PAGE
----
Spenserian stanza

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Edmund Spenser, English Renaissance poet and author of The Fairie Queene

The Spenserian stanza is a fixed verse form invented by Edmund Spenser for his epic poem The Faerie Queene.[1] Each stanza contains nine lines in total. The first eight lines are in iambic pentameter, that is consist of ten syllables, followed by a single alexandrine line in iambic hexameter, that is are made up of twelve syllables.[2] The rhyme scheme of these lines is "a-b-a-b-b-c-b-c-c."[3]

Many poets used the stanza after Spenser, for example Lord Byron (Chlide Harold's Pilgrimage), Percy Bysshe Shelley (Adonais), John Keats (The Eve of St. Agnes)[4] and Alfred Tennyson (The Lotos-Eaters). Spenserian stanza remained a typical English form and it was never much popular outside England. Only few poets employed it in Central Europe, for example Juliusz Słowacki,[5] Jan Kasprowicz and Jaroslav Vrchlický.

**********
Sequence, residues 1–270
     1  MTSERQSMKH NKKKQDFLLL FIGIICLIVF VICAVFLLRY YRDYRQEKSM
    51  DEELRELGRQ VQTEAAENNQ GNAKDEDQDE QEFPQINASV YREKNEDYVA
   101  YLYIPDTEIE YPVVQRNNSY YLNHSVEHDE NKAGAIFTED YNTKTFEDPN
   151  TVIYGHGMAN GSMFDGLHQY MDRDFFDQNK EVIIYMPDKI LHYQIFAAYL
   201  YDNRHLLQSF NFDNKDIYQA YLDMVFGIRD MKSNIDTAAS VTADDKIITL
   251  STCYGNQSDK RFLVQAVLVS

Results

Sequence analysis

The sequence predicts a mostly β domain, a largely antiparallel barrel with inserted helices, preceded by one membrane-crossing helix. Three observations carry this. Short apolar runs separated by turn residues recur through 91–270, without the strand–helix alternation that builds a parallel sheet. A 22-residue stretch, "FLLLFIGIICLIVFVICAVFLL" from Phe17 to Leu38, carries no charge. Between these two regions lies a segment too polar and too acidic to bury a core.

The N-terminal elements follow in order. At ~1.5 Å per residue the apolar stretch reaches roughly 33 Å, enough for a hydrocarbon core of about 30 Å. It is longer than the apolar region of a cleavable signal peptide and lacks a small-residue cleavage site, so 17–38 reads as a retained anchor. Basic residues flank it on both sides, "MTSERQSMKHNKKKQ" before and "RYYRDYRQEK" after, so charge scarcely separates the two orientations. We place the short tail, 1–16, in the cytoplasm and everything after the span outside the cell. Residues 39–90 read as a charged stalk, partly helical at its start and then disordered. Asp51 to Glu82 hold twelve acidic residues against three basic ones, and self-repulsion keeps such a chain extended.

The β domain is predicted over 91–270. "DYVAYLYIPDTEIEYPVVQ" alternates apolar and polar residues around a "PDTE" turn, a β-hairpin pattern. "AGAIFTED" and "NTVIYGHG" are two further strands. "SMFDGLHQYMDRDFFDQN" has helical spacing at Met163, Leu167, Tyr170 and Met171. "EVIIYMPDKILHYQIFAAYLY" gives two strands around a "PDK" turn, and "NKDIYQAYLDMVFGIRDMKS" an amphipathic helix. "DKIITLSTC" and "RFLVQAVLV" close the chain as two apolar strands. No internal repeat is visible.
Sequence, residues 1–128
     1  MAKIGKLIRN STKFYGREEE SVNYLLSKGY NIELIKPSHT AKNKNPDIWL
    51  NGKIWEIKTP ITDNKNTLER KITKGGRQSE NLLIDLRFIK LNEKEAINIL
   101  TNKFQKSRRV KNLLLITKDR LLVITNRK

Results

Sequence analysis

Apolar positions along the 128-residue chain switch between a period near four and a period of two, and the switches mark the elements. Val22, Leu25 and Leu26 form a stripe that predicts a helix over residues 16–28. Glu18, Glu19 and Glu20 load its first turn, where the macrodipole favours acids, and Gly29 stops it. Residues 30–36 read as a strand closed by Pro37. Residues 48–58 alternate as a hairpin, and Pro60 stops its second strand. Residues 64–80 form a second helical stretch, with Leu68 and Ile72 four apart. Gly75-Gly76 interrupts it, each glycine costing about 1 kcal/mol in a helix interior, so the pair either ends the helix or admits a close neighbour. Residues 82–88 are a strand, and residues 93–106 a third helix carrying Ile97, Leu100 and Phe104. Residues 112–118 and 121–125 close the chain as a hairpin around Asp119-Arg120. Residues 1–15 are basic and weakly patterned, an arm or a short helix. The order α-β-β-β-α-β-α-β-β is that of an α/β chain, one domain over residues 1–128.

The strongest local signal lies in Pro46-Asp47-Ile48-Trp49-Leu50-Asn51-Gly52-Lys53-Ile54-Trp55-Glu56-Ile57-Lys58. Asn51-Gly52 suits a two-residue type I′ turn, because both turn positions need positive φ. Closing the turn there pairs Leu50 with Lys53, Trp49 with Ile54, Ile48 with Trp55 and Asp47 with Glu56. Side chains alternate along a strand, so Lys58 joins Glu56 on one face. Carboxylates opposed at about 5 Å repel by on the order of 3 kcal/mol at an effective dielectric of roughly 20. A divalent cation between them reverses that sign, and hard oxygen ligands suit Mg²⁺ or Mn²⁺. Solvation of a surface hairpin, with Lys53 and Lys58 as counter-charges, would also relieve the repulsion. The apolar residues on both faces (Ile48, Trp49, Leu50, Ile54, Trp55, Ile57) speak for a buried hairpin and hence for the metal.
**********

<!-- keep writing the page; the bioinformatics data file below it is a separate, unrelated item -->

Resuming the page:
References[change | change source]

  1. "Spenserian stanza". The Free Dictionary/Farlex. Retrieved 8 March 2016. CS1 maint: discouraged parameter (link)
  2. Joseph Berg Esenwein, Mary Eleanor Roberts, The Art of Versification. Revised Edition, Springfield 1921, p. 113.
  3. Cara Batema. "How to Write a Spenserian Poem". Hearst Seattle Media, LLC. Retrieved 8 March 2016. CS1 maint: discouraged parameter (link)
  4. Spenserian Stanza at Encyclopaedia Britannica.
  5. Wiktor Jarosław Darasz, Mały przewodnik po wierszu polskim, Kraków 2003, p. 152.